Clearly there's some hassle in updating the Start/End. This may not be too bad if either

  • The table contents are stable
  • or insertions are in someway naturally ordered, so that each new row just continues from the old highest.
This is an interesting solution. It could be improved by using 'between' rather than '>= and <='.
This also requires updating multiple records if one of the rows is deleted. I don't think "inserts" are an issue, as the order doesn't matter. This yields weighted results. Is that what the OP wanted?
Marcus Adams
Yes, weighted results is what I am looking for.

If you have an index on the odds column, and a primary key, this would be very efficient:

SELECT id, odds FROM table WHERE odds > 0

The database wouldn't even have to read from the table, it would get everything it needed from the odds index.

Then, you'll select a random value between 1 and the number of rows returned.

Then select that row from the array of rows returned.

Then, finally, select the whole target row:

SELECT * FROM table WHERE id = ?

This assures an even distribution between all rows with an odds value.

Alternatively, put the odds in a different table, with an autoincrement primary key.

ID     odds
1      4
2      9
3      56
4      12

Store the ID foreign key in the main table instead of the odds value, and index it.

First, get the max value. This never touches the database. It uses the index:


Get a random value between 1 and the max.

Then select the record.

JOIN Odds ON Odds.ID = table.ID
WHERE Odds.ID >= ?

This will require some maintenance if you tend to delete Odds value or roll back inserts to keep the distribution even.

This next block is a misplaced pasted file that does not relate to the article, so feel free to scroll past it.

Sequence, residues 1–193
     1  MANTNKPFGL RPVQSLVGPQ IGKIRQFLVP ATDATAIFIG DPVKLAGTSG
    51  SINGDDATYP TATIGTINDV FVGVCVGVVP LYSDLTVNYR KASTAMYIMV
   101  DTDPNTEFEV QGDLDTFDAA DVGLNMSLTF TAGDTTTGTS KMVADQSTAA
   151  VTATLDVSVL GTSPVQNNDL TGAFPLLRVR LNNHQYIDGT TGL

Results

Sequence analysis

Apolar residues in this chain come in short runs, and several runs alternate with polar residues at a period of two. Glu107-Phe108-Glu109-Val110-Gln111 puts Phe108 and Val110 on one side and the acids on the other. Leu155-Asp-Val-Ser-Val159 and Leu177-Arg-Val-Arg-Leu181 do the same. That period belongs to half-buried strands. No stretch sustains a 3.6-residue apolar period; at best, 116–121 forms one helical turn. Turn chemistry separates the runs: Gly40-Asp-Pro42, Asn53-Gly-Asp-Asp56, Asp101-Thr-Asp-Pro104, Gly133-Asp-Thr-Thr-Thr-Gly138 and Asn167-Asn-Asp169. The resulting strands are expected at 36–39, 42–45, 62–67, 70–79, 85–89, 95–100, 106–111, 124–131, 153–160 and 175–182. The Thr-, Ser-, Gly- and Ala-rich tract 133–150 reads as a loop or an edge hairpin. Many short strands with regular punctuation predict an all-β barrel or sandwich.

There is a whole chapter on random selection in the book SQL Antipatterns.

Marcus Adams

What if you took your code, and added an ORDER BY RAND() and LIMIT 1?


This way, even if you have multiples of the same probability, it will always come back randomly ordered, then you just take the first entry.

Austin Hyde
As the number of rows grow, the cost of this query will grow.
Marcus Adams
This also is random weighted + random.... which alters the weights. If the WHERE RAND returned a low number say 0.001 the item with the lowest weight would be returned - along with all the other records. Then it has a 1 in (total records) of being returned. Where as if the WHERE rand was 0.9 it would return only a few records thus the weights become tilted even more towards the higher weights
@Pablo, I agree. The WHERE clause should be dropped.
Marcus Adams
No, I am looking for weighted, but this is weighted + random. Which skews the weights.
select * from table 
where id between 1 and 100 and ((id % 2) <> 0) 
order by NewId() 
Muhammad Kashif Nadeem

Hmm. Not entirely clear what result you want, so bear with me if this is a bit crazy. That being said, how about:

Make a new table. The table is a fixed data table, and looks like this:


Then join from your dataset to that table on the odds column. You'll get as many rows back for each row in your table as the given odds of that row.

Then just pick one of that set at random.

Matt Gibson

A general solution, suitable for O(log(n)) updates, is something like this:

  • Store objects as leaves of a (balanced) tree.
  • At each branch node, store the weights of all objects under it.
  • When adding, removing, or modifying nodes, update weights of their parents.

Then pick a number between 0 and (total weight - 1) and navigate down the tree until you find the right object.

Since you don't care about the order of things in the tree, you can store them as an array of N pointers and N-1 numbers.